Fixed Rate Mortgage: A mortgage with an interest rate and monthly payment that remain the same and cannot change over the life of the loan.
Flood Insurance: A special and separate insurance policy that covers property in the flood area against damage by flooding. Although flood insurance may be bought through your local insurance agent, it is issued through the federal government. When purchasing real estate, a survey is typically required where there is any risk of flooding to the property. Flood insurance may be required by the lender in order for the buyer to obtain a loan.
Forbearance: The act of refraining from taking legal action despite the fact that payment of a promissory note in a mortgage or deed of trust is in arrears. It is usually granted only when a borrower makes a satisfactory arrangement by which the arrears will be paid at a future date.
Foreclosure: The legal process that begins when a borrower fails to make payments to a lender on a mortgaged property. Should the borrower not be able to correct the default, the property will be sold at public auction to satisfy the debt.
Federal National Mortgage Association (FNMA or Fannie Mae): A federal agency established in 1938 to purchase mortgage loans from lenders as an investor. FNMA originally bought FHA loans, but now is a conventional, FHA and VA investor. FNMA is now a private company operating with private capital.
Federal Home Loan Mortgage Corporation (FHLMC or Freddie Mac): A publicly held corporation that buys mortgages and thereby creates a flow of funds to mortgage lenders. FHLMC was chartered by Congress in 1970.
Good Faith Estimate: An estimate of the fees due at closing for a mortgage loan that must be provided by a lender to a borrower within three days of the lender taking a borrower's loan application. A good faith estimate is required by the Real Estate Settlement Procedures Act (RESPA).
Government National Mortgage Association (GNMA or Ginnie Mae): A U.S. government corporation within the U.S. Department of Housing and Urban Development (HUD). Ginnie May aims to ensure liquidity for government-insured mortgages, including those insured by the Federal Housing Administration (FHA), the Veterans Administration (VA) and the Rural Housing Administration (RHA). Most of the mortgages securitized as
Ginnie Mae mortgage-backed securities (MBSs) are those guaranteed by FHA, which are typically mortgages for first-time home buyers and low-income borrowers.
Grantee: The individual to whom interest in real property is conveyed.
Grantor: The individual conveying the interest in real property to another person.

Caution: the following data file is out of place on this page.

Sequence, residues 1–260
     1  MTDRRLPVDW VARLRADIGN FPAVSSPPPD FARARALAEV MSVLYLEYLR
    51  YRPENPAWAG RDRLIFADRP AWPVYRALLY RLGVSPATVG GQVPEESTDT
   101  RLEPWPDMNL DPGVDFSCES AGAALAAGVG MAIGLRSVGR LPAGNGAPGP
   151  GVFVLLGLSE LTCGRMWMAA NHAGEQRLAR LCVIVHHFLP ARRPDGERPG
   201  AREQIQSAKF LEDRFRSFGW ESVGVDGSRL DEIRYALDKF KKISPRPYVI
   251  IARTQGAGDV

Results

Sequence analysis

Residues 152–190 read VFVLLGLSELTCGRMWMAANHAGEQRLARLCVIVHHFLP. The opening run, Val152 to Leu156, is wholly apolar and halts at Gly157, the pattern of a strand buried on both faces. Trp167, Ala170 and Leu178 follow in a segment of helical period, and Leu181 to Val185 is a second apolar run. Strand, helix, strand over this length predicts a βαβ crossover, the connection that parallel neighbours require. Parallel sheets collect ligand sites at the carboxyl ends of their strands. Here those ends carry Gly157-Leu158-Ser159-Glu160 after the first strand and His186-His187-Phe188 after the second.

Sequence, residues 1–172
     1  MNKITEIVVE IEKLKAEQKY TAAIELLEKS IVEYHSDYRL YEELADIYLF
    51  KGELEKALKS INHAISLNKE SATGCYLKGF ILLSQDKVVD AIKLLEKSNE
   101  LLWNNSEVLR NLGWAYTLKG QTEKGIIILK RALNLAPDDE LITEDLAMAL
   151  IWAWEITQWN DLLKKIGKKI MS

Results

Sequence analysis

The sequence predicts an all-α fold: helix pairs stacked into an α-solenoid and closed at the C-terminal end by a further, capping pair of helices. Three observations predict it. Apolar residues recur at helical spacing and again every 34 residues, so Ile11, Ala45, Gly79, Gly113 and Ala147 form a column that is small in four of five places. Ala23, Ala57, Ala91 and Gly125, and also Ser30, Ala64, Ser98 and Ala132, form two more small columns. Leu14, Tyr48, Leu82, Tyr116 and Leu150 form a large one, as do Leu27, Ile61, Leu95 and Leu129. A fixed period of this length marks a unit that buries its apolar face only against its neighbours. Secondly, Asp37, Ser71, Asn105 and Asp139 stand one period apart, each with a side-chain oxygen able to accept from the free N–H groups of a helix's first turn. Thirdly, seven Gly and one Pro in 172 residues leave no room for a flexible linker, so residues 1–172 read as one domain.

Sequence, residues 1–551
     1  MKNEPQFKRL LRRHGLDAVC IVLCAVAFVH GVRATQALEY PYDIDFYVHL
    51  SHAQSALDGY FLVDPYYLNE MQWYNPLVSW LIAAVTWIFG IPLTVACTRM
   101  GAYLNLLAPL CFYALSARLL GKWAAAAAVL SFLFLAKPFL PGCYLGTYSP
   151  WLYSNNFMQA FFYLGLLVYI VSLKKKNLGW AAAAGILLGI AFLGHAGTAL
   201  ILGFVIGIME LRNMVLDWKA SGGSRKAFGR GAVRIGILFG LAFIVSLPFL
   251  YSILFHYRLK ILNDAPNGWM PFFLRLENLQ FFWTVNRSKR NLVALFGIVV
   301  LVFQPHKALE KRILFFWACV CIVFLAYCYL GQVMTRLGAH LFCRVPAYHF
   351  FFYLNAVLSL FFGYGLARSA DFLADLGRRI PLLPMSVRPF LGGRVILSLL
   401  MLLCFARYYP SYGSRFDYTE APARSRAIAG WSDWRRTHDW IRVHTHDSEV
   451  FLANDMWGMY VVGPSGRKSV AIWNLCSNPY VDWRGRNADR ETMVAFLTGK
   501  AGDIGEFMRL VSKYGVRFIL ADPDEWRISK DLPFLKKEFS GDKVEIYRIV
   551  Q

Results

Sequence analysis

Ground Lease: A ground lease is an agreement in which a tenant is permitted to develop a piece of property during the lease period, after which the land and all improvements are turned over to the property owner.
Guarantee Mortgage: A mortgage that is guaranteed by a third party, often a government agency.
Hard Money Loan: A loan of "last resort" or a short-term bridge loan. Hard money loans are backed by the value of the property, not by the credit worthiness of the borrower. Since the property itself is used as the only protection against default by the borrower, hard money loans have lower loan-to-value (LTV) ratios than traditional loans.
Hazard Insurance: An insurance policy selected by the borrower to cover the property against loss due to hazards such as fire, hail, etc. The borrower pays an annual premium for this coverage. In many cases, the lender requires that the borrower pay 1/12 of this annual amount every month, included with the borrower’s monthly payment of principal and interest. These funds are held in reserve on behalf of the borrower in an escrow account.
Home Inspection: An inspection made by a third party (not the buyer or seller) for a statement of condition on the property, i.e. structural and mechanical conditions. Many contracts to purchase are contingent on the buyer having a home inspection performed within a certain time period prior to closing.
Homeowners’ Association: An association with annual dues collected from residents to insure enforcement of any covenants or restrictions that apply to the properties covered. For example, the Homeowner’s Association could legally cause a homeowner to take care of their yard as required by a legal covenant signed as a part of closing. Homeowner’s Association fees also cover maintaining common areas, and in some cases may be either voluntary or mandatory.
Homeowners Insurance: The same as hazard insurance. It covers the property mortgaged against loss due to fire, hail, theft, etc. The borrower selects the insurance, and pays the annual premiums, often through an escrow account.
Homeowners Warranty: An insurance policy covering specific future repairs, should they become necessary, for a specific time period. These are often provided by the seller or builder as a condition of sale.